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wesher

wesher creates and manages an encrypted mesh overlay network across a group of nodes, using wireguard.

Its main use-case is adding low-maintenance security to public-cloud networks or connecting different cloud providers.

⚠ WARNING: since mesh membership is controlled by a mesh-wide pre-shared key, this effectively downgrades some of the security benefits from wireguard. See security considerations below for more details.

Quickstart

  1. Before starting:

    1. make sure the wireguard kernel module is available on all nodes. It is bundled with linux newer than 5.6 and can otherwise be installed following the instructions here.

    2. The following ports must be accessible between all nodes (see configuration options to change these):

      • 51820 UDP
      • 7946 UDP and TCP
  2. Download the latest release for your architecture:

    $ wget -O wesher https://github.com/costela/wesher/releases/latest/download/wesher-$(go env GOARCH)
    $ chmod a+x wesher
    
  3. On the first node:

    # ./wesher
    

    This will start the wesher daemon in the foreground and - when running on a terminal - will currently output a generated cluster key as follows:

    new cluster key generated: XXXXX
    

    Note: to avoid accidentally leaking it in the logs, the created key will only be displayed if running on a terminal. When started via other means (e.g.: desktop session manager or init system), the key can be retreived with grep ClusterKey /var/lib/wesher/state.json.

  4. Lastly, on any further node:

    # wesher --cluster-key XXXXX --join x.x.x.x
    

    Where XXXXX is the base64 encoded 256 bit key printed by the step above, and x.x.x.x is the hostname or IP of any of the nodes already joined to the mesh cluster.

Permissions

Note that wireguard - and therefore wesher - need root access to work properly.

It is also possible to give the wesher binary enough capabilities to manage the wireguard interface via:

# setcap cap_net_admin=eip wesher

This will enable running as an unprivileged user, but some functionality (like automatic adding peer entries to /etc/hosts; see configuration options below) will not work.

(optional) systemd integration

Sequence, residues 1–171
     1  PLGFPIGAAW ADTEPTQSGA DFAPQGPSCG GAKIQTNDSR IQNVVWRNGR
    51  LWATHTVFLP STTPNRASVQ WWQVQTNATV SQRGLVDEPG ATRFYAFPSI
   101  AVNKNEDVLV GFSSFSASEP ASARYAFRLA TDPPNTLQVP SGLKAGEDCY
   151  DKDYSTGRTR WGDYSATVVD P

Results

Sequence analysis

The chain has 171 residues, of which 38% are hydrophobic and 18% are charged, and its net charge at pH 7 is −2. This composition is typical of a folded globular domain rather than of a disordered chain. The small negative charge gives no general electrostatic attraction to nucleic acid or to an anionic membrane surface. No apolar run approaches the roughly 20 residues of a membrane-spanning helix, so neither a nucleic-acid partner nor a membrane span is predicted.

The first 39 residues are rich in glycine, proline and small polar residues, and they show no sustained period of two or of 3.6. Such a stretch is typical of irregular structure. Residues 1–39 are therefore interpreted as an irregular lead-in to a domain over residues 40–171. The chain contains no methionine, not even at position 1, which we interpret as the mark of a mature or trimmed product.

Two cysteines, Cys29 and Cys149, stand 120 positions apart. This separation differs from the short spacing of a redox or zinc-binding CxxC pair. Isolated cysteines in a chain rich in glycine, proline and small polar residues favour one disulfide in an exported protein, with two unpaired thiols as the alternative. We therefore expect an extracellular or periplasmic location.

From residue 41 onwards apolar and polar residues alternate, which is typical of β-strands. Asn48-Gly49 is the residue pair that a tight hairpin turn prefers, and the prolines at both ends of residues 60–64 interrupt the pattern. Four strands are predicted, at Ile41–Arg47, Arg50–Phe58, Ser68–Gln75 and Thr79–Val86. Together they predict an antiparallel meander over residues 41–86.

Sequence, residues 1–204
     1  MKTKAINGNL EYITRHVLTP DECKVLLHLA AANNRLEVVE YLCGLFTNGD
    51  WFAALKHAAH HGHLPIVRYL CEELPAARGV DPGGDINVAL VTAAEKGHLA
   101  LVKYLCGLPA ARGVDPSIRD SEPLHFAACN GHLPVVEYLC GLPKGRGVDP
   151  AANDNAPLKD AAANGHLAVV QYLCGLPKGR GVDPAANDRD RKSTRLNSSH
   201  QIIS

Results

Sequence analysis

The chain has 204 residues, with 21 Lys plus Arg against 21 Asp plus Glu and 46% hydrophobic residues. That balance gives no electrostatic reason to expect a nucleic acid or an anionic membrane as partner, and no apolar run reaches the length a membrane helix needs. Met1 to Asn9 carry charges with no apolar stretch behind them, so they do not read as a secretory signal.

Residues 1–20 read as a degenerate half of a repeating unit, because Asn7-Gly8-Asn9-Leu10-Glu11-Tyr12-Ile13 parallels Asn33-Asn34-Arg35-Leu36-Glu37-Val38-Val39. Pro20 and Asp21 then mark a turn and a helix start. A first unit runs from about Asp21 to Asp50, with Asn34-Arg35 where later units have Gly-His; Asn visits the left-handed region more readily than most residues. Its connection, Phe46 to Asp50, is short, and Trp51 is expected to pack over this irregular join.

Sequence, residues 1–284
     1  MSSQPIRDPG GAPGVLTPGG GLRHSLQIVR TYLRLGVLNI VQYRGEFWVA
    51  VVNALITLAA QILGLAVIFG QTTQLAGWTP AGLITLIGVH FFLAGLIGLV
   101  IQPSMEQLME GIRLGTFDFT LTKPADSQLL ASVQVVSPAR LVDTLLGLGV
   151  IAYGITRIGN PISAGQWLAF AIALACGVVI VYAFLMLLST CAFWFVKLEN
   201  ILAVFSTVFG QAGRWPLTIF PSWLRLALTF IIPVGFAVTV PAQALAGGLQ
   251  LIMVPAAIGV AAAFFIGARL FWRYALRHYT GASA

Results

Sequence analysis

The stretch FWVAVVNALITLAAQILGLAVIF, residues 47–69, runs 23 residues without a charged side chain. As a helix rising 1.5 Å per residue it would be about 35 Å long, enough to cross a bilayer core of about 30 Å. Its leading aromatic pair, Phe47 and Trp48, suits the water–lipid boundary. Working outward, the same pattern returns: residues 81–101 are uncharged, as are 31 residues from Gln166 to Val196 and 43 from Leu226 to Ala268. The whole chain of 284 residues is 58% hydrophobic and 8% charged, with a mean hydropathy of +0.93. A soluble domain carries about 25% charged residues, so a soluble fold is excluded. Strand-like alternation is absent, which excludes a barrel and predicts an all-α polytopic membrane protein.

A minimal systemd unit file is provided under the dist folder and can be copied to /etc/systemd/system:

# wget -O /etc/systemd/system/wesher.service https://raw.githubusercontent.com/costela/wesher/master/dist/wesher.service
# systemctl daemon-reload
# systemctl enable wesher

The provided unit file assumes wesher is installed to /usr/local/sbin.

Note that, as mentioned above, the initial cluster key will not be displayed in the journal. It can either be initialized by running wesher manually once, or by pre-seeding via /etc/default/wesher as the WESHER_CLUSTER_KEY environment var (see configuration options below).

Installing from source

There are a couple of ways of installing wesher from sources:

Preferred:

$ git clone https://github.com/costela/wesher.git
$ cd wesher
$ make

This method can build a bit-by-bit identical binary to the released ones, assuming the same go version is used to build its respective git tag.

Alternatively:

$ GO111MODULE=on go get github.com/costela/wesher

Note: this method will not provide a meaningful output for --version.

Features

The wesher tool builds a cluster and manages the configuration of wireguard on each node to create peer-to-peer connections between all nodes, thus forming a full mesh VPN. This approach may not scale for hundreds of nodes (benchmarks accepted 😉), but is sufficiently performant to join several nodes across multiple cloud providers, or simply to secure inter-node comunication in a single public-cloud.

Automatic Key management

The wireguard private keys are created on startup for each node and the respective public keys are then broadcast across the cluster.

The control-plane cluster communication is secured with a pre-shared AES-256 key. This key can be be automatically created during startup of the first node in a cluster, or it can be provided (see configuration). The cluster key must then be sent to other nodes via a out-of-band secure channel (e.g. ssh, cloud-init, etc). Once set, the cluster key is saved locally and reused on the next startup.

Automatic IP address management

The overlay IP address of each node is automatically selected out of a private network (10.0.0.0/8 by default; MUST be different from the underlying network used for cluster communication) and is consistently hashed based on the peer's hostname.